The finalisation of new loan deals with Saudi Arabia, China and the United Arab Emirates (UAE) remain undecided due to the ongoing IMF talks as Pakistan awaits a rollover of $2.3 billion Chinese commercial loan. Beijing has placed a condition for the renewal of its $2.3 billion loan as it wants that its loans could not be used for any purpose and should only be treated as part of the reserves because of Pakistan’s weakening financial situation.

According to an October 2021 report in Pakistan Today, after the IMF, the biggest donor to Pakistan is China. The report further said that Pakistan will have to pay back $100 billion to China by 2024 on the total investment of $18.5 billion which China has done in the form of bank loans in 19 early harvest projects under the China–Pakistan Economic Corridor (CPEC) which has the potential to transform the Pakistani economy although with the fear this transformation could come at heavy price.

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The high had the seeds of low

Economist Akbar Noman, in his 2015 Columbia University research paper, noted that Pakistan was among the ten fastest growing economies of the world during 1960–90. But he also argued that it was in this very period that “the seeds for the subsequent economic and technological malaise were sown”.

“Notwithstanding the exogenous shocks of the war with India in 1965, the 1971 war and the break-up of the country as well as the “policy shocks” that followed in its aftermath, the growth momentum was such that, over the three decades ending in 1990, Pakistan’s annual GDP growth rate [with 6.1%] placed it among the top ten countries,” Noman explained.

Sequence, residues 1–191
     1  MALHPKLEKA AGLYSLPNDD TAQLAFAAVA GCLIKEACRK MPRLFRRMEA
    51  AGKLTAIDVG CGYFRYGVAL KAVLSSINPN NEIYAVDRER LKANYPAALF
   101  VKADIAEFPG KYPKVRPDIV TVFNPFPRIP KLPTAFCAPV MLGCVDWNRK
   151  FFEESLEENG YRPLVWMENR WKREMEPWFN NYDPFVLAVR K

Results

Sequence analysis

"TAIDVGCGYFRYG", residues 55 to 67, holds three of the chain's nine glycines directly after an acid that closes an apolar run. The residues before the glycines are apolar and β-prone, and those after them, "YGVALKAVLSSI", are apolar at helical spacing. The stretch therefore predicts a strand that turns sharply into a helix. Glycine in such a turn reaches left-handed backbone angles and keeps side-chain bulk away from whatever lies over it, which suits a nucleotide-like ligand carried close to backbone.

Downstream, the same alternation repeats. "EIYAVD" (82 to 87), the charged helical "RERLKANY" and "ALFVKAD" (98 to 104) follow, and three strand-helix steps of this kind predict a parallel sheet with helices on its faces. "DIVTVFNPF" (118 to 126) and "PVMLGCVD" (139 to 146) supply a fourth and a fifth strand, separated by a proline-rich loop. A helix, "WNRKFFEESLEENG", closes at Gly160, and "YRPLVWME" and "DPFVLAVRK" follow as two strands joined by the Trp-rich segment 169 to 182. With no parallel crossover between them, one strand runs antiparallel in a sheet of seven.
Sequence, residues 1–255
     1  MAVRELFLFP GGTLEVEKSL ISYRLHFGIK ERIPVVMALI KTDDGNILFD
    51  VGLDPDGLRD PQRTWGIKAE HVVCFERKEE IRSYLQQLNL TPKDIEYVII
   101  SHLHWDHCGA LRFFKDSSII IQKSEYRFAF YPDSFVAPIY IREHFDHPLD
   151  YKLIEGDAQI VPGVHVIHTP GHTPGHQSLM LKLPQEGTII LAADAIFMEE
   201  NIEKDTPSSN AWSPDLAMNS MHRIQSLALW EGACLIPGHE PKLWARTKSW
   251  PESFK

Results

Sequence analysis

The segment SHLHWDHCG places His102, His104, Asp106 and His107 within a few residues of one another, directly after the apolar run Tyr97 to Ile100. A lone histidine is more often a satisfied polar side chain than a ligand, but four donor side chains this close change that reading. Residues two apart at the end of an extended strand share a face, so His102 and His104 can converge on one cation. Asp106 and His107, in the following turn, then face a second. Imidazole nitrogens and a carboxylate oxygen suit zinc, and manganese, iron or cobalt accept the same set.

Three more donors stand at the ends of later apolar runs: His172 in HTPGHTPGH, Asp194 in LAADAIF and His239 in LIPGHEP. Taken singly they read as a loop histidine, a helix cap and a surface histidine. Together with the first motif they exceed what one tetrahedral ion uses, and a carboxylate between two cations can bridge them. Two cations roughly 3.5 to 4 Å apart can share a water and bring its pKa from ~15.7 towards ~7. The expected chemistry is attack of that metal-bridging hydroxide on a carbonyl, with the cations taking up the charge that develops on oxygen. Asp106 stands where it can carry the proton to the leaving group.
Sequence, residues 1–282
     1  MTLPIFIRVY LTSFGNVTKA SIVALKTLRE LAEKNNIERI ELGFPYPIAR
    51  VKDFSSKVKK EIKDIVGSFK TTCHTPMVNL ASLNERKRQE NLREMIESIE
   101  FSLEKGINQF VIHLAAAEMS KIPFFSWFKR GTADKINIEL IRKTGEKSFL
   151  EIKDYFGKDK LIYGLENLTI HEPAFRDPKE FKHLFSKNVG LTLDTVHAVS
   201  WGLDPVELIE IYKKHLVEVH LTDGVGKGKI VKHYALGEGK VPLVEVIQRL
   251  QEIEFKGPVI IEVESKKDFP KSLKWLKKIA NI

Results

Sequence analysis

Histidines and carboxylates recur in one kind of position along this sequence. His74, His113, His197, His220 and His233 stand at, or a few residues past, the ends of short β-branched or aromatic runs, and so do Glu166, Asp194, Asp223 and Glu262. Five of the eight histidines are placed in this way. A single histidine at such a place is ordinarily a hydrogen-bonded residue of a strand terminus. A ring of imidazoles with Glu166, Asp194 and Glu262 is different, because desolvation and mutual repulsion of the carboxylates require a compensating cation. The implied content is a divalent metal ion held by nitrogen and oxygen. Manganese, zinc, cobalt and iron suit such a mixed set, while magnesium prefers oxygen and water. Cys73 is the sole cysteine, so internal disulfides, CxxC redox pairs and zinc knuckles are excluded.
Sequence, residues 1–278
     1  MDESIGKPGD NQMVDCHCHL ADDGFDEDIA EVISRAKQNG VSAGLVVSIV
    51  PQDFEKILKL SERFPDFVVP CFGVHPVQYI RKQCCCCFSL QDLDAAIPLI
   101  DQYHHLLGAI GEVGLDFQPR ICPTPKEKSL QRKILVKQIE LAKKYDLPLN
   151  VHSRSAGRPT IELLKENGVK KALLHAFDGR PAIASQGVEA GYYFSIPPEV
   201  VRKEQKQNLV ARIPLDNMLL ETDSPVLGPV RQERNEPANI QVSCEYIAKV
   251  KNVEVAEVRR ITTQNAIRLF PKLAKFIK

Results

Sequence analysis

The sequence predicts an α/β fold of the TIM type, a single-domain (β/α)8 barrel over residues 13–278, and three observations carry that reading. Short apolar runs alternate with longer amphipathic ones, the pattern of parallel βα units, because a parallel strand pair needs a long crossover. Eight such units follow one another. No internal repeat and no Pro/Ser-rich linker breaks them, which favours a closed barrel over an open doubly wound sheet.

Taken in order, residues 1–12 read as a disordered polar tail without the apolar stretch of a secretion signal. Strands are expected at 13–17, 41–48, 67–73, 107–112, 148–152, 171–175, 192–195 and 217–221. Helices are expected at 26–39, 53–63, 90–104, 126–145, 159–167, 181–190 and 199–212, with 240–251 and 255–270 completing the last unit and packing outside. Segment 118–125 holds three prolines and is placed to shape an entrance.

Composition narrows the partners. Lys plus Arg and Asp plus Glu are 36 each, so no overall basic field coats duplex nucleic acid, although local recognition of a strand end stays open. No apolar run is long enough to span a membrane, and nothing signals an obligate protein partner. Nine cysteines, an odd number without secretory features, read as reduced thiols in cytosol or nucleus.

However, the 1970s was also marred with disruptions resulting from war and the break-up of the country, combined with ill-conceived populist policies and nationalisation, Noman noted.

“While much of that was reversed in the 1980s, the decade was one of facile growth and one in which a different set of seeds was sown for the subsequent slowdown”.

During the 1980s, the set of bad seeds alluded to the “heavy domestic borrowing at very high interest rates that allowed unsustainably expansionary fiscal policies in the 1980s and that were at the heart of the macroeconomic crises and consequent austerity programs – with a series of IMF bailouts – that have shackled growth since the early 1990s.”

Noman further argued that the germination of the politics–governance–security nexus, deterioration in the security situation, the rise of terrorism associated with worsening of foreign attitudes, business sentiments and higher cost of doing business also contributed to the continued slowdown.

“Even in the heyday of its growth performance, Pakistan grossly underinvested in human development. This underinvestment was in sharp contrast to the East Asian economies that sustained rapid economic growth and transformation and no doubt contributed to the reasons Pakistan was unable to do so,” Norman said.